Please ensure Javascript is enabled for purposes of website accessibility

Hold institutional enablers accountable for child abuse

In my career representing victims sexually abused by powerful people, I have come to understand one thing clearly: we will never change the culture of complicity until executives are held accountable through criminal prosecution. This is true for the United States Olympic Committee and university officials who enabled Larry Nassar and hundreds of other coaches and officials to violate children, many of whom I represent.

As I see it, the predators are the weeds, but the complicit institutions are the soil that helps the noxious weeds grow and flourish.

I currently represent several Maryland families whose children were abused by a powerful and charismatic rabbi. In the course of that representation, I learned about Maryland law. Two things I learned appalled me. One was that Maryland – unlike most other states I have worked in or most states in the country – has no criminal penalty for failure to report child abuse. Second, should my clients’ cases ever reach a criminal trial, they would likely have to be tried separately in state court due to Maryland’s evidence laws.

After I learned this, my clients and I went to Annapolis and met with legislators to show our support for House Bill 500 (establishing a penalty for failing to report child abuse) and HB 301 and HB 353 (putting Maryland’s evidence laws to be more in line with those in the rest of the country).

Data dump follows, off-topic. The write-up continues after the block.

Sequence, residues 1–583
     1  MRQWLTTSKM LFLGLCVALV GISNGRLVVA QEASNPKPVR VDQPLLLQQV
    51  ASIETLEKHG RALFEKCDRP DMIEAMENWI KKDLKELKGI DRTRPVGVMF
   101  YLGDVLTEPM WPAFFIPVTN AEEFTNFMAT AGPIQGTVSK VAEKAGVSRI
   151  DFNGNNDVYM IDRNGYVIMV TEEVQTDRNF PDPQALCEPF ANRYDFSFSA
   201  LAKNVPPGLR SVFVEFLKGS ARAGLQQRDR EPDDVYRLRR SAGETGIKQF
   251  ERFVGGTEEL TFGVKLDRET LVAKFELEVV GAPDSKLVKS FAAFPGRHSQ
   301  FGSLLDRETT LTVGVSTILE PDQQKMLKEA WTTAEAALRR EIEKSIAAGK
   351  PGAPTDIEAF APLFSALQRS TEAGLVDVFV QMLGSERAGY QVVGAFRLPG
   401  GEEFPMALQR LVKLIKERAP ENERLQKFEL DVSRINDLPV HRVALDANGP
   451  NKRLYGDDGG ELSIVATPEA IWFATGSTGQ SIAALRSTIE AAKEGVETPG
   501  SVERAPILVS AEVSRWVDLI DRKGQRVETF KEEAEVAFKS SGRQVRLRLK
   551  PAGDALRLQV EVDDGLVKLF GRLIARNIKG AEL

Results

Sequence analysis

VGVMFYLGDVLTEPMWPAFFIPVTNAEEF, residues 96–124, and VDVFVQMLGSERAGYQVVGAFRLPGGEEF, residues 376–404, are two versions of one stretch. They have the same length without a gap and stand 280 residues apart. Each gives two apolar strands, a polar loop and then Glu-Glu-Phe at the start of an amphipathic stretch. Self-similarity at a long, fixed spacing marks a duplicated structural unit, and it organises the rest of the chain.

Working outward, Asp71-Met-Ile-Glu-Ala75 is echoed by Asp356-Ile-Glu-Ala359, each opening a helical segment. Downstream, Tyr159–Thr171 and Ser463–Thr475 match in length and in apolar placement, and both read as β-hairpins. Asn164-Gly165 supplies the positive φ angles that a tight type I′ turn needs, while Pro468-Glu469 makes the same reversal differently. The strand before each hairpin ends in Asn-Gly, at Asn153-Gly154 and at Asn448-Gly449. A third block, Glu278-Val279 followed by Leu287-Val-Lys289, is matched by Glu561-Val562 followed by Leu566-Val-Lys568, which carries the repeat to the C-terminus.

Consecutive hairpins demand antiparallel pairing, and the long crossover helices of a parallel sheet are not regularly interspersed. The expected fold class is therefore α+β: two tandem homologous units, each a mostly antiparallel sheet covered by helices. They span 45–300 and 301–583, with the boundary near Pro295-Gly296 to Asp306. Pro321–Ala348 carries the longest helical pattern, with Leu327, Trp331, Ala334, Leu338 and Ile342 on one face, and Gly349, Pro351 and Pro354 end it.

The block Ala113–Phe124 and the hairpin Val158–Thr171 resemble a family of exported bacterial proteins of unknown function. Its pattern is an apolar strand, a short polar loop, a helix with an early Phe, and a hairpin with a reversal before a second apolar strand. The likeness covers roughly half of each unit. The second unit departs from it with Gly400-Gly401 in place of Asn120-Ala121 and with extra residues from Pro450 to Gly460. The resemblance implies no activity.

We learned from Del. Kathleen Dumais, D-Montgomery and vice chair of House Judiciary Committee, that she does not support a new bill because few prosecutors have charged persons who failed to report under another Maryland law, passed in 2015, which says that child protective services and law enforcement must notify a licensing board if a mandatory reporter fails to report.

While I respect that viewpoint and agree those who fail to report the sexual abuse of children should have their professional licenses reviewed, criminal penalties are needed.

In my considerable experience litigating on behalf of abused children across the United States, when leaders of organizations such as USA Swimming or USA Gymnastics are motivated to report by fear of criminal prosecution, real changes in institutional culture happens. Whether the Catholic Church, the Orthodox Jewish community, or the United States Olympic Committee, we must demand accountability for those leaders who cultivate the garden of weeds that allows those like Larry Nassar to prey on children without fear of prosecution.

Jonathan Little is a lawyer with Saeed & Little LLP in Indianapolis. He can be reached at